These two amazing women helped me realize I could do more, that I held the power to make the decision to change my life, that my belief system was not serving me. Without Carla and Carol’s encouragement, love, and support I would likely still be living in fear wondering what more I could do or just complaining about my legs.
Now I was ready to move onto the next phase.
In the later part of 2017 I spent much time on the forums, reviewing pics of before/after results, listening to stories. I am beyond grateful for social media and my loving, supporting community of Lipedema sisters. In early 2018 I finally chose my surgeon and procedure: Vaser Liposuction with Dr. Michael Schwartz MD. The vaser ultrasound probe combined with the tumescent injects water into the tissue to break up the fat cells and then it’s sucked out. I was drawn to Dr. Michael Schwartz MD in Pasadena CA. because of his amazing results and because his approach was more aggressive to get all the diseased fat removed. I met his assistant Cristina in a few online support groups. She provided such great insight as she had the disease and had surgery with Dr. Schwartz. I am so thankful for Cristina as I wanted so badly to back out my surgical commitment several times. She held my hand, assured me I could do it. She has been an instrumental part of my pre, during and post operative care!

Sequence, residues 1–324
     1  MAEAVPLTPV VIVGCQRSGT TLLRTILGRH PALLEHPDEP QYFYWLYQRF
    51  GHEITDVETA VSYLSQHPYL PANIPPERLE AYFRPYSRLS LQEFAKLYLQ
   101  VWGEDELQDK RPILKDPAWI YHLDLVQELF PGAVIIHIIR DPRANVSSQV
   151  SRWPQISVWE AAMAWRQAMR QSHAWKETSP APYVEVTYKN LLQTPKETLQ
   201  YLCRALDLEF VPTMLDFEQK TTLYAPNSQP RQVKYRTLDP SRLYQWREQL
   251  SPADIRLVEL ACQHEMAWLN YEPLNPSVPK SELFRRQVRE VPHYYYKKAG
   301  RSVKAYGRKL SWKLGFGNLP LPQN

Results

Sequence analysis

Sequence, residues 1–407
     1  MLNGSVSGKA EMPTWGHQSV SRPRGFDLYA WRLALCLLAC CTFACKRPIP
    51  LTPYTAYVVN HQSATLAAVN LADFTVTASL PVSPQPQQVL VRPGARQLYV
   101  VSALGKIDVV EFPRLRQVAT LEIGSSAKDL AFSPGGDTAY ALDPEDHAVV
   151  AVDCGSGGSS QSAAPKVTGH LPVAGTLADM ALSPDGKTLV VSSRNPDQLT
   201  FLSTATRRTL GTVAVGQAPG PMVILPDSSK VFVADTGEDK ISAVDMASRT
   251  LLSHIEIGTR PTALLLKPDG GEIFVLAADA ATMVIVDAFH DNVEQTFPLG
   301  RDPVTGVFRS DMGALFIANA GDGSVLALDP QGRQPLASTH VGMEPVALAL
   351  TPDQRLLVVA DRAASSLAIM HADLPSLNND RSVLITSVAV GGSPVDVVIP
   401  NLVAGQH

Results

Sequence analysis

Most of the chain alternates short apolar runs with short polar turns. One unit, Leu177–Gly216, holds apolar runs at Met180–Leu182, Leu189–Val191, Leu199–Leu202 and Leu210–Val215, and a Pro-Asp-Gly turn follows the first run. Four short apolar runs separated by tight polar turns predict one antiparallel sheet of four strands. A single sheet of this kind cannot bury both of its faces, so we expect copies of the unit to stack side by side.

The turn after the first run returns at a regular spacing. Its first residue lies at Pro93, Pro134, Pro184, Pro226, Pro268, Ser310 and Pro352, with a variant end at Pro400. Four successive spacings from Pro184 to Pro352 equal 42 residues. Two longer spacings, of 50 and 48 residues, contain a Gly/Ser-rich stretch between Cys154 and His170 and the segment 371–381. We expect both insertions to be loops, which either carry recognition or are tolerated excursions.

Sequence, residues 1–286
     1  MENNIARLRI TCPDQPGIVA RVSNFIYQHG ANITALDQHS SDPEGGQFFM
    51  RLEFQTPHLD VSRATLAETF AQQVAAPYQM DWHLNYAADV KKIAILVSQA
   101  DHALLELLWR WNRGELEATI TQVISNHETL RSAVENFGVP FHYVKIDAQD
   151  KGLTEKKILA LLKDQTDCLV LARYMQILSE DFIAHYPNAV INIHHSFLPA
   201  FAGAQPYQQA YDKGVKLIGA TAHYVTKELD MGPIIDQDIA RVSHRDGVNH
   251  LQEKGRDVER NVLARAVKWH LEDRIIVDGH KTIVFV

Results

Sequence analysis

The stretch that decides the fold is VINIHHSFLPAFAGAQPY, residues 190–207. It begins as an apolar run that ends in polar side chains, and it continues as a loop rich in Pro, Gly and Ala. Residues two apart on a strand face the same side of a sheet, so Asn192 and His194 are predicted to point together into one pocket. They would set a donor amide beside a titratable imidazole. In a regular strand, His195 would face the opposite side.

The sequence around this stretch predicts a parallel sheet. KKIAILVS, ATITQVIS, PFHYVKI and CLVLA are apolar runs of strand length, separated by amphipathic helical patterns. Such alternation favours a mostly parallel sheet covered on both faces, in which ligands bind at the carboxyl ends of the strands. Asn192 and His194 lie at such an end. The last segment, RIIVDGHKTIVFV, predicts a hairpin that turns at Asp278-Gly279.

On April 12th, 2018, I embarked on a 4+ hour surgery (number 1 of 2) with Dr. Michael Schwartz in Pasadena, California.
8 liters of fat was removed from the front of my legs.
That is 2 gallons.
That is 14#.
I had 24 incisions from my groin to ankles.
I cried the entire day. I should say sobbed. So much emotion gone with the physical fat. Years of shame, years of feeling like I wasn’t doing enough, years of comments from those around me who have no idea what it’s like to not be able to lose the fat. The fear of a progressing disease.
That day….I saw pictures from pre and post operation and for the first time since my teens I saw my knees and shin bone.
Here and daily I express gratitude for Dr. Michael Schwartz as he gave me back a part of my life that has been missing.